Obituary: Clive Sangster

Cerium Group chairman passes away

25 May 2017 by Emily McCormick

It is with great sadness that OT reports the death of Cerium Group chairman, Clive Sangster. Mr Sangster died following an illness which, Cerium said “he fought bravely.”

Mr Sangster was well-known and respected throughout the industry, both personally and professionally for establishing, initially, a small company known as Cerium. Over the years he successfully developed the business into a supplier of a wide range of quality products to laboratories and lens workshops throughout the UK and overseas.

Beginning his working career in metal exchange and spending some of his time in the industry in the US, Mr Sangster recognised the properties and possibilities of the light metal cerium. He found a way to incorporate it in polishing products, which was the original corner stone of the business.

Cerium Optical Products was established in 1972 and over the years has grown from a small office in Cranbrook, Kent to a large factory in Tenterden, Kent, as well as offices in the US, Australia, Singapore and Cyprus.

Along the way, Mr Sangster achieved many accolades, including the Queens Award for Industry in 1986. He was a Livery Man, attaining membership to the Worshipful Company of Spectacle Makers, and was also granted the Freedom of the City of London.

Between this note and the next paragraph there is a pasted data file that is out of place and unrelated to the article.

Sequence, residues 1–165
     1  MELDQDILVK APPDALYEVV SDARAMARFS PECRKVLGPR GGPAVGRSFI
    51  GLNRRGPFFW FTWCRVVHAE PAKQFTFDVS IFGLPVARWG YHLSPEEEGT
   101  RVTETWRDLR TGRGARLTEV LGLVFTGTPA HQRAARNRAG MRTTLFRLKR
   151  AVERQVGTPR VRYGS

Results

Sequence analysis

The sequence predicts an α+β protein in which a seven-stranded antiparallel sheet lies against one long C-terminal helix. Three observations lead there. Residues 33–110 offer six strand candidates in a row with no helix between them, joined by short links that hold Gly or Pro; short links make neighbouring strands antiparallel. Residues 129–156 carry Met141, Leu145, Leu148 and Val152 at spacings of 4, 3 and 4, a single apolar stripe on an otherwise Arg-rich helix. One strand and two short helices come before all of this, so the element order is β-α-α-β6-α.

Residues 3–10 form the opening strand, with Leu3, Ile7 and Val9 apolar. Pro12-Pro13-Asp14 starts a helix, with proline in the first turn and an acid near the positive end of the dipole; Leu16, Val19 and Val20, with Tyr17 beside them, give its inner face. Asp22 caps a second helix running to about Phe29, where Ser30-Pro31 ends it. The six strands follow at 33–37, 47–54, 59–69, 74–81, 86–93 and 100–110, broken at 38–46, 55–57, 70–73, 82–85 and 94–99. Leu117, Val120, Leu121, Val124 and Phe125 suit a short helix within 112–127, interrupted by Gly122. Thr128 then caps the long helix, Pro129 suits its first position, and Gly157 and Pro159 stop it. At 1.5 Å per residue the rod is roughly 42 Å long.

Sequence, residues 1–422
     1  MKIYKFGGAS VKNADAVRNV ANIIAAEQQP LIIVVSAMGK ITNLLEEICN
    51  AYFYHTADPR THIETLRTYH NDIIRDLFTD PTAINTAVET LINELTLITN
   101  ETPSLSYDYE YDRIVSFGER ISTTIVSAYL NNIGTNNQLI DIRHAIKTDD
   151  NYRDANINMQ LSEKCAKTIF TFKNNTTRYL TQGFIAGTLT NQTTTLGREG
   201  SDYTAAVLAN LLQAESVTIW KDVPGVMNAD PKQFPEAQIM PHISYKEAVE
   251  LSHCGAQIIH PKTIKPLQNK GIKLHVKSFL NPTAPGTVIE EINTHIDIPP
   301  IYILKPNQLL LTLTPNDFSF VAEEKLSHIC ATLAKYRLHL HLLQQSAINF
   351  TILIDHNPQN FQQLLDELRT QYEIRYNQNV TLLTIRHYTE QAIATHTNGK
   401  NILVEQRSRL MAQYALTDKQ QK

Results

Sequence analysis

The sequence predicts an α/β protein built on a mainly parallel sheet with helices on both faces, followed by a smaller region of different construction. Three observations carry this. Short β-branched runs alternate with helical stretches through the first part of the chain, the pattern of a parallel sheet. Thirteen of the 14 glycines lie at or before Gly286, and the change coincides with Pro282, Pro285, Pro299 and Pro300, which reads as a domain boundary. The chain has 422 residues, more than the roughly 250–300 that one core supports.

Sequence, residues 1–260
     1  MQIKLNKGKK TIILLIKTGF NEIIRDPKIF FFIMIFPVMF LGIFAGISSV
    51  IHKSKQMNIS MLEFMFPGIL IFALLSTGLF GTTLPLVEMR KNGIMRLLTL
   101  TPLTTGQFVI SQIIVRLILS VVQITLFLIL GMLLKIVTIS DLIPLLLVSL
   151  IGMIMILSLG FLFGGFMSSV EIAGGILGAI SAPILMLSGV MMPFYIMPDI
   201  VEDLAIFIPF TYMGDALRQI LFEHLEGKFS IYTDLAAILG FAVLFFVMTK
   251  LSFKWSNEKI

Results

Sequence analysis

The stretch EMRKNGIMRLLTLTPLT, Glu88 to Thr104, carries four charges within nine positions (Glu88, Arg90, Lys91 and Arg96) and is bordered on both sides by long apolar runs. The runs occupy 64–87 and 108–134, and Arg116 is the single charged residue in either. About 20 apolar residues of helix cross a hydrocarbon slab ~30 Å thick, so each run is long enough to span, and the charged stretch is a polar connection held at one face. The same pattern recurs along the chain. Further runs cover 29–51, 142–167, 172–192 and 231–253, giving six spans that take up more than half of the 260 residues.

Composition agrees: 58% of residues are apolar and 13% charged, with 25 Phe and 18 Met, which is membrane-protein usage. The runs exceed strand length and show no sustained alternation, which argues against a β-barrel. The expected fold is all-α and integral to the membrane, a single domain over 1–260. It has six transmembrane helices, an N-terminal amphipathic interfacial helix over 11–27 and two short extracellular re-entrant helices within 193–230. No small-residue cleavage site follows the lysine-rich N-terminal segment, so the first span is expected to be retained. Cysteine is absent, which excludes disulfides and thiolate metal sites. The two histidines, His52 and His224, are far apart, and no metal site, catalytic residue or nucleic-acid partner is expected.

In 1993, Mr Sangster was approached by the British Medical Research Council to manufacture and market the Intuitive Colorimeter, an instrument that allows the prescribing of precision tinted lenses to treat visual stress in poor readers, migraine sufferers and some neurological conditions. Consequently, Cerium Visual Technologies was founded around this time. 

His unwavering commitment to the invention has helped thousands of individuals.

Mr Sangster leaves behind his wife Lyn, five children and nine grandchildren.

Cerium Optical Products will continue to be run by Mr Sangster’s son James, and Cerium Visual Technologies by his daughter, Kimberley. 

Mr Sangster will be greatly missed by his family and all of the staff at the Cerium Group.

Advertisement

Your comments

You must be logged in to join the discussion. Log in

Comments (0)